•   Aid in adjusting the flue damper for improved control of infiltration air (furnace pressure) and excess O2 level in the furnace atmosphere to provide energy cost savings and product quality and/or yield improvement.

    Graphical techniques are presented that help to illustrate and quantify the combustion conditions (V curve) and provide insight when comparing measured flue-gas composition to calculated (predicted) values.

    These beneficial flue-gas analysis techniques are applicable to any fuel-fired heating or melting furnace utilizing natural gas or other gaseous or liquid fuels and employing air/fuel, oxy/fuel or air/oxy/fuel combustion systems. IH


For more information:  Contact Stewart Jepson, senior applications specialist, Air Liquide Industrial US LP, tel: 713-896-2332; web:


Flue-Gas Measurement Techniques

A fair level of technical expertise is required in order to accurately and reliably measure flue-gas compositions from combustion-gas samples. Accurate gas analyzers must be used, and the appropriate type of analyzer should be selected based on whether the process data is to be taken as a “snapshot” or continuously recorded with time. It is important to clean and dry the combustion-gas sample before sending it to the analyzer(s) since gas analyzers typically will become fouled if sent wet gas samples containing H2O vapor or liquid (H2O is always present in hydrocarbon combustion gases).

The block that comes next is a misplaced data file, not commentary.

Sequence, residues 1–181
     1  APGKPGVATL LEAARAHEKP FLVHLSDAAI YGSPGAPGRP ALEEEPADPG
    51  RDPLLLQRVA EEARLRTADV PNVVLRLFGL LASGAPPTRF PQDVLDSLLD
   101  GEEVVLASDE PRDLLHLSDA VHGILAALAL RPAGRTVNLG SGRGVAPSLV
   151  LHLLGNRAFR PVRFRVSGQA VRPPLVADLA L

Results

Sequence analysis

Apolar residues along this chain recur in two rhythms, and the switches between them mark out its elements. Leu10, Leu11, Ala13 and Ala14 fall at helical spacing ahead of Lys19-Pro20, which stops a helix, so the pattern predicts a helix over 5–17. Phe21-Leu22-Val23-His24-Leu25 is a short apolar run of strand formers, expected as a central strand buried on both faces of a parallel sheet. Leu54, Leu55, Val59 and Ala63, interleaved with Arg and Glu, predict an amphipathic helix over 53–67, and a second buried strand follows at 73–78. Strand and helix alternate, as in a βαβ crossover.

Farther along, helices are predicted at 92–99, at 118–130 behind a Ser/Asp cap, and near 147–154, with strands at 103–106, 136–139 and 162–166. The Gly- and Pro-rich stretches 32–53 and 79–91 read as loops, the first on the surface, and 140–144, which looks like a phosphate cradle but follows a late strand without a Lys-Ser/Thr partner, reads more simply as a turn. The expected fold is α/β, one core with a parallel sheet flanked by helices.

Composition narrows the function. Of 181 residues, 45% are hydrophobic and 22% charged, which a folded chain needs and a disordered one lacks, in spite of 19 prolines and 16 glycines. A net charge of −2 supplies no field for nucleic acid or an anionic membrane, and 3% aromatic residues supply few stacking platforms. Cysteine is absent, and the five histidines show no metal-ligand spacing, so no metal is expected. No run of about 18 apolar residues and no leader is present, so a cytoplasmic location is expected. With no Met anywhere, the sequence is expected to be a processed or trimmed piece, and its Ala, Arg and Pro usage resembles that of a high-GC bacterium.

Typically, a small initial crude or gravimetric water drop-out chamber is employed because much of the water (and dirt) will first drop out in this chamber. Downstream, the sample can then be more finely dried with a refrigerated condenser unit, or “sample chiller.” In many combustion processes, especially scrap melting furnaces, the combustion gases can be quite heavily dust-laden, even containing sticky slag-like particles. This dirt must be filtered out of the sample before sending it to the analyzer. The sample probe material and size and location in the flue are also very important considerations. Often, the sample probe will clog, and it can periodically need to be blown out with compressed air or replaced entirely. Water-cooled sample probes may be desirable at very high temperatures.

    Parts 1 and 2 can be viewed online as can the appendix, which is referenced in this article. Read each by using or /FG2.